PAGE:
One of the first things that come in my mind when I have to do something is if I’ll have to do it again later and if I should automate the process. And that’s how a pet project was born. My purpose was to write a configuration file, install the environment, then configure jobs for the repositories I need.

I’ve created two job templates, one for triggering a build on branch push, one for pull requests (required webhooks are created automatically). Based on the templates, I just wanted to create a new job, insert the GitHub repository url and start using the job.

The job templates are aiming at Go projects to run tests and code quality tools on (all required tools are installed automatically). Other configured actions are automatic backups and cleanups. And you’ll also find some setup scripts for basic server security and requirements.

There are things which could be improved, but now I have a click-click CI system setup called Go Jenkins CI.

 

 

Protect Docker secrets files

I have a Docker container managed with Docker compose, which defines the unless-stopped restart policy. But my container never starts after I reboot the machine. But it does restart if I just restart the Docker service. I have a similar setup on another machine which I have no issues with.

I kept on searching the issue until it hit me all of a sudden. I’m using secrets read from files. The files are in the /tmp  directory which gets cleared, thus the container fails to start.

When I defined the secrets files, I just threw them away from the source code repository, without thinking too much where. I wasn’t even sure if I was going to use them for a long time.

Dev testing

A user story is not done after the code has been written. Also, the developer’s part is not done after the code has been written. I strongly believe in dev testing: after implementing, the developer will once again read each line of the requirements (they had already done this at least once before implementing, right?!?!) and manually test the feature (even if they’ve written automated tests). At least a sanity test to make sure the QA colleagues will not get back to them after a few minutes of testing or every few minutes with another issue.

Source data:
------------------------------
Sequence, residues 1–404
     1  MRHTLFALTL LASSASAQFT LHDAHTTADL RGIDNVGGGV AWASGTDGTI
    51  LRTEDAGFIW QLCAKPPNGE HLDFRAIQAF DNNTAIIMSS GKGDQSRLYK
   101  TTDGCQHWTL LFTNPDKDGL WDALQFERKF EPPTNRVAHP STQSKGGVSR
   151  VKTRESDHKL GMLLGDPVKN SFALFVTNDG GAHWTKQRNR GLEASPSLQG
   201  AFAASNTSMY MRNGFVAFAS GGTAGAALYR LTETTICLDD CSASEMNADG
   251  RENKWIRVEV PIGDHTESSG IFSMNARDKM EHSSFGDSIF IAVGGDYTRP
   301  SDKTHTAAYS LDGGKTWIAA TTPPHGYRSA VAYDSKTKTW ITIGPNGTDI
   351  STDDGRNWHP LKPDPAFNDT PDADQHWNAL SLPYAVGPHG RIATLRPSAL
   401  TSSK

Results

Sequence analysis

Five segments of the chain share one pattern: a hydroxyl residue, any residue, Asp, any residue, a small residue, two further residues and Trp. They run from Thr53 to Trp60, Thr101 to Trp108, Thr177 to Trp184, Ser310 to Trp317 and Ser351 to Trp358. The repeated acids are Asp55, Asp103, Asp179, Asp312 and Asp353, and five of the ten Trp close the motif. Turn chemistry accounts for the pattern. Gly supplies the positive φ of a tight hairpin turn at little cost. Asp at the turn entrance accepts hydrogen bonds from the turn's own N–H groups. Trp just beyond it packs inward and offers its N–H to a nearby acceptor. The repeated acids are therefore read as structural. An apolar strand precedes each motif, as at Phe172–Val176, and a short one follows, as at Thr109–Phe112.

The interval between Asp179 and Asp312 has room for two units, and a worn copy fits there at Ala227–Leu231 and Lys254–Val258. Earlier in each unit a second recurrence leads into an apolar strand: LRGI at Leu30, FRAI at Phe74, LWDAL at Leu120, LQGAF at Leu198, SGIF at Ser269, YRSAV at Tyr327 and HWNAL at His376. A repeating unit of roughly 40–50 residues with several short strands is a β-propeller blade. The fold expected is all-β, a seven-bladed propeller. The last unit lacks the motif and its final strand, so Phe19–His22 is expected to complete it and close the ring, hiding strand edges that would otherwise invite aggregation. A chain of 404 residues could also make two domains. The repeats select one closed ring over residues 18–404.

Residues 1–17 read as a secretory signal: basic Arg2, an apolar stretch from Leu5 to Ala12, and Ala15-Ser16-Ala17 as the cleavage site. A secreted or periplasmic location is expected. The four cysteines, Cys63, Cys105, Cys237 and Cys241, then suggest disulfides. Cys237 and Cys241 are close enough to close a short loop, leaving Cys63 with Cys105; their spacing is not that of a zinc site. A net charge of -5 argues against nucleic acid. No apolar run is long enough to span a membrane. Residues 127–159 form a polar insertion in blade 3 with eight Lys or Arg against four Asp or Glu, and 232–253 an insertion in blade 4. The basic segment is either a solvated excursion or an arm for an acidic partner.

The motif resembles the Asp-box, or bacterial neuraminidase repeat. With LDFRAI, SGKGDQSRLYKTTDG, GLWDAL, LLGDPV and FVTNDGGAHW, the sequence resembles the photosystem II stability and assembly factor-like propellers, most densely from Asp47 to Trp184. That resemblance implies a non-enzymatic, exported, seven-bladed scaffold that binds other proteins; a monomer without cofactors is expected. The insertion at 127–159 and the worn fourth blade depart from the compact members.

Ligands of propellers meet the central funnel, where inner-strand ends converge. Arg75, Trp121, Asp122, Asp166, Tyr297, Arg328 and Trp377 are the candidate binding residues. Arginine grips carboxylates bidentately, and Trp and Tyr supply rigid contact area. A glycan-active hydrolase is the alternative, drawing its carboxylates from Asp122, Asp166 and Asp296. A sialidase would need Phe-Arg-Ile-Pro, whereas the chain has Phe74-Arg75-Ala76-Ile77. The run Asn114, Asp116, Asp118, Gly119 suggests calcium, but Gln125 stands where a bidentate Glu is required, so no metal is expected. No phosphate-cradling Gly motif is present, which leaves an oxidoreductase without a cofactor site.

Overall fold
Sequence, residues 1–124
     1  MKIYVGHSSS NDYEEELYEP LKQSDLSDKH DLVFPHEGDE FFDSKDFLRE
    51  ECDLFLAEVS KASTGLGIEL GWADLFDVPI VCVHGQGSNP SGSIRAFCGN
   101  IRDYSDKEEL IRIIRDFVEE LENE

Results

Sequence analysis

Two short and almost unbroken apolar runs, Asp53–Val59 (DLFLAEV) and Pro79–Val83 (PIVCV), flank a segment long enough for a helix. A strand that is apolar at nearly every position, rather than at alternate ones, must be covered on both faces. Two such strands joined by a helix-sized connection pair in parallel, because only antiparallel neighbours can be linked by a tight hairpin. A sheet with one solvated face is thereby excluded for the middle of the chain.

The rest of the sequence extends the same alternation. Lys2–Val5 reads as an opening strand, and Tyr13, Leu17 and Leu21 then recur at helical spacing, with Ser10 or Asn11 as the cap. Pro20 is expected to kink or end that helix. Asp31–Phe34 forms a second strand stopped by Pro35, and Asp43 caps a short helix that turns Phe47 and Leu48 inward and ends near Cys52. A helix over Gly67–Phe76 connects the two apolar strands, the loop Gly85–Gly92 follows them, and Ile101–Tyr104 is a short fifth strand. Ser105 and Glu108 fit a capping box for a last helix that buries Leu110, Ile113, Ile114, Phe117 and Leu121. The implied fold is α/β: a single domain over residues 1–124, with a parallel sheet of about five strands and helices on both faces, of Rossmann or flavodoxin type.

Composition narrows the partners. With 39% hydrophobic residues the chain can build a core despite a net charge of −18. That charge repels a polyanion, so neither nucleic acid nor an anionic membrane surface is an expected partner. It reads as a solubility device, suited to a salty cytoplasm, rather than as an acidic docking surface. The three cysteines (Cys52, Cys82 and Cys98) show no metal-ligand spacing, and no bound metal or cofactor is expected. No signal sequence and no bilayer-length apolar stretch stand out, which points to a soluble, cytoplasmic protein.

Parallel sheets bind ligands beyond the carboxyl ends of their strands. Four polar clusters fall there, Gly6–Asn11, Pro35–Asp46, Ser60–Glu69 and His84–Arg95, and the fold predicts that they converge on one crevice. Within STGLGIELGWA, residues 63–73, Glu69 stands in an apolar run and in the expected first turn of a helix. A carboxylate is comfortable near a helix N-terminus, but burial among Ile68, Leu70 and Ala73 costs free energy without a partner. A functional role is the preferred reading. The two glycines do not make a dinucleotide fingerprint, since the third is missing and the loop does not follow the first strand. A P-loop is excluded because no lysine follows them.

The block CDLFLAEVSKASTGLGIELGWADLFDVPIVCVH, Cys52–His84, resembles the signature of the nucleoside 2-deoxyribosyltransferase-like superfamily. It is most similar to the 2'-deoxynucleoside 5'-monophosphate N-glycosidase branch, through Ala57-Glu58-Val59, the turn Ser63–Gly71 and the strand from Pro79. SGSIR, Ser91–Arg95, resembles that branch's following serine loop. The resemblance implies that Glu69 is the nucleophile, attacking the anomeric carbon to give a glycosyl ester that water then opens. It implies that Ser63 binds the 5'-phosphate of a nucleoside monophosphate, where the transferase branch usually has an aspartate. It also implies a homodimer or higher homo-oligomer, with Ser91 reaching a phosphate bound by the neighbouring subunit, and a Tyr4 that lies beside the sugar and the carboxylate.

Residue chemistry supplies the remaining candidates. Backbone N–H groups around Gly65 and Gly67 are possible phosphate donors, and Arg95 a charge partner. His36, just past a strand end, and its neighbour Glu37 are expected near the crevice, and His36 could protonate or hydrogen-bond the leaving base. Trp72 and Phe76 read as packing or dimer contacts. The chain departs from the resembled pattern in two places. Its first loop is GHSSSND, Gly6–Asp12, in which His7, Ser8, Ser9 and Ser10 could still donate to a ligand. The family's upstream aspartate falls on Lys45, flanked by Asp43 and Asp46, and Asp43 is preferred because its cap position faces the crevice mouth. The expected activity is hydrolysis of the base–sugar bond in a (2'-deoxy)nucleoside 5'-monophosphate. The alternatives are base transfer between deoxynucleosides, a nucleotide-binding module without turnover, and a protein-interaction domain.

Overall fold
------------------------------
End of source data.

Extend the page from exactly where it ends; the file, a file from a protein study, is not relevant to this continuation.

The interaction with the QA colleagues should be more in breaks. I want to see those people get bored like hell because they just need to check the implementation against the requirements and get back to chatting because everything is OK. If they get back with special situations, corner cases, weird exceptions, everyone’s doing a great job.

We’re human, we forget things while developing, it’s OK. But if the number of things is too big to fit in memory and it increases with every feature, maybe we should read the requirements a few more times and test each one of them. And we should ask questions. The code is done after we understand, implement, test.

And always ask ourselves what happens to the other parts of the app if we do just a small change in the old code. Then test. Yes, we, the developers, must test!

The mid-language crisis

A while after I wrote the Apixu libraries for Go and PHP, they asked me if I could help them with some issue a client had when trying to install the Python library. I quickly tested and sent them steps on how to install all requirements. And I noticed the library could use some additions.

My experience with Python was of a few lines and I felt like it would be a good context to write a few more, to understand the language a little better, to learn about its requirements, ways to set up a library and write some tests to validate JSON schemas. A clean language with a simple package manager and clear error handling. Basic integrations with Flask and Django were pretty smooth.

One thing I like about Apixu is they have multiple libraries and after freshening the Python one I was inspired to do more. And there was where to choose from.

JavaScript is an old friend but we met only in the browser some years ago. It was time to face its server side of the moon and add some touches to the NodeJS library. I’m not a huge fan of callbacks, but Promises are indeed a nice way to handle responses. Express was easy to start with, I like its micro framework feeling. The package manager, npm, doesn’t seem too far from PHP’s composer, we got along well. Continue reading The mid-language crisis

Encrypt column in PostgreSQL

PostgreSQL has a nice encryption (and hashing) module called pgcrypto which is easy to use. Using a provided key, you can quickly encrypt a column which contains sensitive information.

While the setup is fast and the usage is simple, there could be some disadvantages in some contexts:

  • be careful how you send the encryption key to the database server (if public, use SSL for transport, else keep it in a private network at least)
  • data is encrypted/decrypted in the database, so the transport is in plain (watch out for memory dump attacks)
  • some queries are very slow, as the decrypt operation is performed on the entire table if you want to sort or filter by encrypted columns

Continue reading Encrypt column in PostgreSQL